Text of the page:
Anyone reading this account of the novel, insofar as it has been possible to give one, will probably take Rachel’s “little cry” for friendship with a kind of wry amusement. And in fact that is what the novel itself seems to ask of us, especially at this particular point where the weight of surrounding caricature bears heavily upon her. But the comic intention is thwarted by an uncertain pathos, and one comes to feel even this early in the novel a considerable discomfort about its alternations of pace and sensibility. Pynchon’s comic style resembles the zanier writings of Evelyn Waugh or the early S.J. Perelman. Inherent in the dislocations between this style and the moments where the author wants to evoke human sympathy and tenderness is the guess that Pynchon will not feel that these comparisons do justice to his book. And in some important ways they do not. His ambitions in V. are prodigious, enough to demand comparison less with Perelman than with the Joyce of the Circe episode of Ulysses. He shows unusual capacities for philosophical discriminations, an astonishing knowledgeability—of history, medicine, geography, sexual lore—all expressed with an authoritative ease especially remarkable in a young writer, and he has the eye and ear of a great parodist. With such talents, he is limited now only by his determination to show off. His displays of genius tend to jostle each other out of the way; his comic inventions are always so active, his caricature so eager, that he cannot effectively allow his characters the seriousness and delicacy his thematic ambitions require of them.


The insistent grotesqueness of this novel—literally of confusing human, animate and inanimate things—is Pynchon’s way of showing a world in which gestures of human warmth, kindness or love are barely visible, and his elaborately jumbled plots make it appear that such gestures are unable, even temporarily, to bring order and sequence to the lives of his characters. The effect of his grotesqueness is thus extremely pessimistic, especially since the interweaving of the two plots makes the decadence of life, public and private, seem like a historical development that has been accelerating since the end of the last century. Obviously, Pynchon’s view of modern existence is too speculative to center on any institutionalized villain or to expend itself in yet another attack on “conformity.” His book is about the failure of human beings to arouse in one another their potentialities for love and hope. They choose instead to become, in a metaphorical sense, inanimate, like Benny Profane whom Rachel finally cannot save from the Whole Sick Crew. Or they find some hopeless animation in the madly ingenious orderings of life around a phanton like V., creating in the process those international situations that have no objective reality but which express an unconscious, universal urge to self-annihilation. The search for V. is not along a path of human victory but of historical fatality, constructed, even sought, by those characters, by far the most numerous, whose incapacity for love allows them to see the human image only as a thing to see in the spread thighs of a woman, for instance, only a V. Being at first a participant in this surrender to the inanimate. Rachel must of necessity cry “be my friend” in a small voice, even though her later scenes with Profane are the most eloquently poignant in the book.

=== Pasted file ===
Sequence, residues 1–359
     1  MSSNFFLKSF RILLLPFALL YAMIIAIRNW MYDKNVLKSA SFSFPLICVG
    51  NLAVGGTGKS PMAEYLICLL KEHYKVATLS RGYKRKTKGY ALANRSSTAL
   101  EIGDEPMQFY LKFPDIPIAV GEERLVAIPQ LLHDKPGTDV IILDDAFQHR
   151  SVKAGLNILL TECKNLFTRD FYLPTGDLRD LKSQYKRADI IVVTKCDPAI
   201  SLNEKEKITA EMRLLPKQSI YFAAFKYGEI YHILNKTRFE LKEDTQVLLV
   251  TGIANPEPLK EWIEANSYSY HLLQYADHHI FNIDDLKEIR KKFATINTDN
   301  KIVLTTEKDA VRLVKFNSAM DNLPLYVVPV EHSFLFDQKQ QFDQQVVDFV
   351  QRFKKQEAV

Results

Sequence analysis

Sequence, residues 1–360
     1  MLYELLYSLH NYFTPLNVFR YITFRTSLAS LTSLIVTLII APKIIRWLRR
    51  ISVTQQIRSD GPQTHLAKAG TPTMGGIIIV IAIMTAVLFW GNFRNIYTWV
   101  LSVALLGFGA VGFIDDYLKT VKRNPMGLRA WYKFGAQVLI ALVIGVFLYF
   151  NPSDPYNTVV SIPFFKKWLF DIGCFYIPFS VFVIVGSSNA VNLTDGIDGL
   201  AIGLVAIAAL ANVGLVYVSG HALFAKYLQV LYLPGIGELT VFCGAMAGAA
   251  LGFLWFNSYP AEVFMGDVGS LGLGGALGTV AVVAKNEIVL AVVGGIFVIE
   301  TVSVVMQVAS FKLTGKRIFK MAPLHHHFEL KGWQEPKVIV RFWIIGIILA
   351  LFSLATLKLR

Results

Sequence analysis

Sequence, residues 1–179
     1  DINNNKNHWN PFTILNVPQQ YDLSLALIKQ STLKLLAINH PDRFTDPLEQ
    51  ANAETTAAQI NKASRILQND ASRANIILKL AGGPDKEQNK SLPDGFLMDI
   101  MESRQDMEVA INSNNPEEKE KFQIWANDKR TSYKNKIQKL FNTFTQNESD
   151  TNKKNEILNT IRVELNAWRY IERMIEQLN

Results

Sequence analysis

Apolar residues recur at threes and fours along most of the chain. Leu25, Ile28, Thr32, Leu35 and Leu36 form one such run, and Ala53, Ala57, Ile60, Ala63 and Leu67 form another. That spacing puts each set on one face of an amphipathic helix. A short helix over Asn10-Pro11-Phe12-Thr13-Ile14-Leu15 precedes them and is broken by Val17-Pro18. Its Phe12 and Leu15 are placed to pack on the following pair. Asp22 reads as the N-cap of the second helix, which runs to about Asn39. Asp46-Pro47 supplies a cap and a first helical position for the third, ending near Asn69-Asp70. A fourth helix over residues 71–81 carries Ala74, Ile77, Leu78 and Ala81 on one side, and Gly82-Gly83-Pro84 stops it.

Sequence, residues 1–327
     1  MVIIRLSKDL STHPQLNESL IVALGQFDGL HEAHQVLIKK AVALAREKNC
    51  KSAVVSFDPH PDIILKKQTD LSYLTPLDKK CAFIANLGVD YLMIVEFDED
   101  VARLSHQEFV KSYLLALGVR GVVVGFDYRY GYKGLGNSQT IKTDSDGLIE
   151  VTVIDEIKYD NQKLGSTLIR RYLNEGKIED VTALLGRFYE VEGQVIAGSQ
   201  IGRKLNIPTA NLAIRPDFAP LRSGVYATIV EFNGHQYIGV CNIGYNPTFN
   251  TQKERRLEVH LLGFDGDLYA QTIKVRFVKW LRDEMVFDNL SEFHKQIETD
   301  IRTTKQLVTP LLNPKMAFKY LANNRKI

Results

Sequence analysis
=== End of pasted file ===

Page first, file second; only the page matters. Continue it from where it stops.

Pynchon would obviously like to imagine some way out of the paralysis toward which his comedy is always pointing. And yet wherever he tries an alternative his style usually betrays the effort. It becomes limp and platitudinous, especially in the treatment of kindly bartenders or, as he rather cloyingly alludes to them, “young people.” The advice which McClintic Sphere gives himself—“Love with your mouth shut, help without breaking your ass or publicizing it: keep cool but care”—is also a kind of stoic coda to the book. But in the context of the startling energy, stress and imagination of the prose devoted to the grotesque shape which life assumes here, McClintic’s line, full of a sloganeering crispness, sounds like so much pap. To have therefore mocked it is more, no doubt, than this brilliantly apocalyptic writer had the heart to do. This means, I think, that while there are still unmanageable conflicts in him he is strong enough to evade them—a most productive tension in a novelist, who, in his debut, earns the right to be called one of the best we now have.

This Issue

June 1, 1963